I’m not going to talk about the traditional advice on talking to your child’s doctor (bring a list of questions and a friend to help). And Enso Prenatal’s newsletters have already highlighted reasons to stay away from Dr. Google (just don’t google it, mamas). No, I’m here to say doctors are regular people. Yup, I married one, and we spend a lot of time hanging out with other doctors. They are just like you and me. They’re human. It’s okay to talk to them.
It’s also okay to question your doctor. In fact, they want you to question them. Sure, some doctors love giving long-winded explanations of your diagnosis, but most doctors like to be sure you understand the problem and ways to help. In fact, the National Patient Safety Council suggests three questions to ask your doctor or healthcare professional (physician’s assistant, naturopath, acupuncturist, pharmacist, etc.) every time you visit:
If you find you are constantly at odds with your doctor, you might consider if they are a good fit for your family. In our next article we’ll discuss disagreeing with and breaking up with your doctor.
by Michelle Rodriguez
Whether you're expecting or have a new baby in your life, the internet can be a deceptively unhelpful resource. We're the most educated, informed generation on earth with access to facts, statistics, and internet flotsam, and while this can be beneficial in certain circumstances, it can also be overwhelming, confusing, and scary.
Dr. Google is not your friend.
Let me first say, I do this all the time. I google all sorts of crazy things all the time, including things I think might be wrong with me or my birds. It almost never brings me peace, usually always consumes hours of my time, and frequently leaves me feeling rather silly if I land in my doctor's office because the burst blood vessel in my eye is, “probably from looking at a computer screen for too long.”
So where do you go when you have questions and are not certain where to find the answers? First, I recommend your provider. If you're pregnant, your doula can often be a good resource for information. If you've taken an independent childbirth class, you can often email the instructor and they'll get back with you more quickly than your doctor's office, even if you're six months postpartum. And what about your prenatal yoga or belly dance class? These can be good starting points.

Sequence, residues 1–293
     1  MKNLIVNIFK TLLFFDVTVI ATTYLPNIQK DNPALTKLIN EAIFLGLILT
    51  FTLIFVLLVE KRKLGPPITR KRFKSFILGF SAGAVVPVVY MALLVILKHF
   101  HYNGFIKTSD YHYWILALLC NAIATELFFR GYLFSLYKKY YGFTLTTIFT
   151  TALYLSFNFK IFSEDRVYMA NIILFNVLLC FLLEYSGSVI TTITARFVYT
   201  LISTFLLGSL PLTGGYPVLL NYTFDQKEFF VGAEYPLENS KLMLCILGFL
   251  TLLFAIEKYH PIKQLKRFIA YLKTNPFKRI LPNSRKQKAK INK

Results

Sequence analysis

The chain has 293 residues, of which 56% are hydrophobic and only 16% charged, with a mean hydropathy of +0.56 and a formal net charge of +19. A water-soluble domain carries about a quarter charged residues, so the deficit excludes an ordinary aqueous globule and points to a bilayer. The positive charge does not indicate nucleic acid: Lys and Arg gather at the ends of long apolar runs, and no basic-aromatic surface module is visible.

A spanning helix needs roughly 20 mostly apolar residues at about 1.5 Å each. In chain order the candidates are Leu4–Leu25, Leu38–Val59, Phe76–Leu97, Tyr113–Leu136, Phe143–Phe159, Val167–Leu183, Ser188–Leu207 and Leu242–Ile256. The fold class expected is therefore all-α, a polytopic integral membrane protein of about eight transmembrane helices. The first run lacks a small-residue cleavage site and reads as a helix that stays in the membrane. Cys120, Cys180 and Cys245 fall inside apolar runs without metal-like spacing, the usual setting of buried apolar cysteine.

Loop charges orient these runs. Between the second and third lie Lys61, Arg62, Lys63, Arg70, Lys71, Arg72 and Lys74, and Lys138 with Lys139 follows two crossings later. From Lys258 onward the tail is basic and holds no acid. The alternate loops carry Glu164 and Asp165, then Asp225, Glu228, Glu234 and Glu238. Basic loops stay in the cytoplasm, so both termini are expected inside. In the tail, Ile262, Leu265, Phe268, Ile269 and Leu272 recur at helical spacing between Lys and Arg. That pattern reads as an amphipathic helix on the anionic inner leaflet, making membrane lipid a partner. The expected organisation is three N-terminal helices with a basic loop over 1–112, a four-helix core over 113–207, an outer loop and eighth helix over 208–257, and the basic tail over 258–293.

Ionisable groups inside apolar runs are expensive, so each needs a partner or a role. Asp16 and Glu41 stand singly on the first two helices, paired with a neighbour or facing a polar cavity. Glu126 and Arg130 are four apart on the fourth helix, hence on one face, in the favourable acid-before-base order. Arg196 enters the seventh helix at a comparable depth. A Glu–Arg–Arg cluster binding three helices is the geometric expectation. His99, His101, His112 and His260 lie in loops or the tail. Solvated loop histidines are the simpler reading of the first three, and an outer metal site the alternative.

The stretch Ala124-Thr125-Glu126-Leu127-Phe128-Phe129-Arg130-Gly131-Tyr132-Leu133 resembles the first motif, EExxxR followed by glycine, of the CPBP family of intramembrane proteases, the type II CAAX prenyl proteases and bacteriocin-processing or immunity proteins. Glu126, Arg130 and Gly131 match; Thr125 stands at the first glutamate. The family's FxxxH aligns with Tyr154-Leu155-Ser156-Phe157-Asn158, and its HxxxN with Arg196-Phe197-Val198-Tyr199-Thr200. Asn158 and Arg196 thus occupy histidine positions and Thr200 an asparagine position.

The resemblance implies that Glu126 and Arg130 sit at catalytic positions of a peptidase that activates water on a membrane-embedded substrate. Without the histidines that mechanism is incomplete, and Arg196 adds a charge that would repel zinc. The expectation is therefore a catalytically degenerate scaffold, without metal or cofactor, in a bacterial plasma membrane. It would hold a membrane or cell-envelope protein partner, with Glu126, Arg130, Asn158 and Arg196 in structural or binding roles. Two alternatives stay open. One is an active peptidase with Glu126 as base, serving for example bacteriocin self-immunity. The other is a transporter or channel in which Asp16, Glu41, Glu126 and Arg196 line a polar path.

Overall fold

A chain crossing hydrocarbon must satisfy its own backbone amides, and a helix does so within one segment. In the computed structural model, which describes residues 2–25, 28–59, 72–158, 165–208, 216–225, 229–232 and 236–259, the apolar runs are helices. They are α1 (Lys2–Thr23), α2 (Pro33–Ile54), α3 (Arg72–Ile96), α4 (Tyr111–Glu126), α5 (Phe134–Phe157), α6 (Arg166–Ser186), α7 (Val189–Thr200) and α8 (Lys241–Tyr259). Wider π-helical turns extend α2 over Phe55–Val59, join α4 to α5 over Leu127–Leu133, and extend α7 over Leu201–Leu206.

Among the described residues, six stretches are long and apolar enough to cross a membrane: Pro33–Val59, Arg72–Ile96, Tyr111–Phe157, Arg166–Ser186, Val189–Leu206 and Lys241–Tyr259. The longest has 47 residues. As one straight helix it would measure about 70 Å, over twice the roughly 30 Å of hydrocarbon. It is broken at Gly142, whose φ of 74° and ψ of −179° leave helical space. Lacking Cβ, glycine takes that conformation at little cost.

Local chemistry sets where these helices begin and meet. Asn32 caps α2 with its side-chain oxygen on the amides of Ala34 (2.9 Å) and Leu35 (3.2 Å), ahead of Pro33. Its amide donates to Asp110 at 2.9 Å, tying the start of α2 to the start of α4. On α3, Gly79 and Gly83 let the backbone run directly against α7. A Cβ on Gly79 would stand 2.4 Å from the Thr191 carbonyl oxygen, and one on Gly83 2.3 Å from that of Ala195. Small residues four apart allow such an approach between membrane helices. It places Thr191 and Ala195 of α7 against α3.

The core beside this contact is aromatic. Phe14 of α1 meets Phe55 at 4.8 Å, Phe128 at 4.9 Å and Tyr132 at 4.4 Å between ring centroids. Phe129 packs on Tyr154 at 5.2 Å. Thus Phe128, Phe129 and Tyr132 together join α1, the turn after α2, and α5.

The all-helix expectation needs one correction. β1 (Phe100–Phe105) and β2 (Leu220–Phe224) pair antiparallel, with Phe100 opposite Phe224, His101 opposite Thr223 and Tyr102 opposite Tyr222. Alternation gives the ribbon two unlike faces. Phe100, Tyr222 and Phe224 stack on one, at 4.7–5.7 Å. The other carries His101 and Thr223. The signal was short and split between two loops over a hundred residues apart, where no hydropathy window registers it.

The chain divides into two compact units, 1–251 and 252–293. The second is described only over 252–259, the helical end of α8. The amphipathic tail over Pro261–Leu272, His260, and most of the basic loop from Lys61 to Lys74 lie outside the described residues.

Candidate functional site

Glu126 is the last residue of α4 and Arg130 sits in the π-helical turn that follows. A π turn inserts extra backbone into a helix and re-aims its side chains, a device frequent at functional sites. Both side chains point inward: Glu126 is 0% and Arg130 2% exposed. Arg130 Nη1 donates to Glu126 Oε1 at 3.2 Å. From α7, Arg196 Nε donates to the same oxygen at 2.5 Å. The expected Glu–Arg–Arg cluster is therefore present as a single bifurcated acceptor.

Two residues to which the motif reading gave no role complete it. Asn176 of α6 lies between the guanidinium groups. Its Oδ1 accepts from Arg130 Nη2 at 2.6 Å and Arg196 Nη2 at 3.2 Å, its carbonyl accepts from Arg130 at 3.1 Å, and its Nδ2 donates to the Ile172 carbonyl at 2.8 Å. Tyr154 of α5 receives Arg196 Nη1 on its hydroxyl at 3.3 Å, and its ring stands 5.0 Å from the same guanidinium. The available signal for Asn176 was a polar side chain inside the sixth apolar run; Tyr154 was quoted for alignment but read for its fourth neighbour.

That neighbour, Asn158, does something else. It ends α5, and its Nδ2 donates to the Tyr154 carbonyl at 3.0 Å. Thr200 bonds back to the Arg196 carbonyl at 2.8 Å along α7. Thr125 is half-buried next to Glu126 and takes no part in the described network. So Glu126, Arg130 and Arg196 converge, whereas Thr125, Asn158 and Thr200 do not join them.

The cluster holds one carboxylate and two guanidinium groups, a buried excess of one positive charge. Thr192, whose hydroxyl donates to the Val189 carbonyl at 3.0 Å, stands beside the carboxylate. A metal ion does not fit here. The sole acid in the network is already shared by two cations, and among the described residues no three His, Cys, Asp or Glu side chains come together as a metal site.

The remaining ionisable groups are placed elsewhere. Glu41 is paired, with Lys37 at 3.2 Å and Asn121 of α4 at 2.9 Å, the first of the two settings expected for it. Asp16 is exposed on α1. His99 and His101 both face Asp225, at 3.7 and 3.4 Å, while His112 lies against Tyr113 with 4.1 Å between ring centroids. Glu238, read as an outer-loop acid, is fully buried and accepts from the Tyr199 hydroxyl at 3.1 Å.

If all of those resources are unavailable, I recommend the following sites for good, reputable information.
Evidence-Based Birth: if you're trying to make sense of whether or not to start an induction, this can be a helpful resource that compiles the most recent scientific evidence and clearly states the difference between standard of practice (what people do because that's what everyone does), evidence-based practice (what scientific studies suggest are best practices), and opinion.
La Leche League: this site is well developed and crosses many cultures and scientific/regulatory agencies. It isn't posted by someone with a financial interest, but by a group that believes that breastfeeding is best. You can usually find tips on things like solid foods, fussy babies, and even a few things about pregnancy on their site.
The Mayo Clinic: written for consumers rather than providers, this site can help you understand your concerns in plain English. It borders on Dr. Google, but is at least fairly reputable.
Message boards, social media, and groups are fantastic for planning outings, learning baby-friendly recipes, deciding where to vacation with your baby this year. I've seen so many mamas needlessly upset or worried because of medical advice they received from an unnamed source, or casual commentary that wasn't explained well.
Need other resources? We are always reading and sharing great information on our Facebook page. And if you're up for some more academic reading, we can usually offer you a pointer or two or can help find someone who can.
Kari Kwinn, ERYT500, RPYT, Doula, Midwife's Assistant is one of Enso's co-owners.
This blog is not intended to be a source of medical information or advice. Please discuss all of your concerns with your care provider.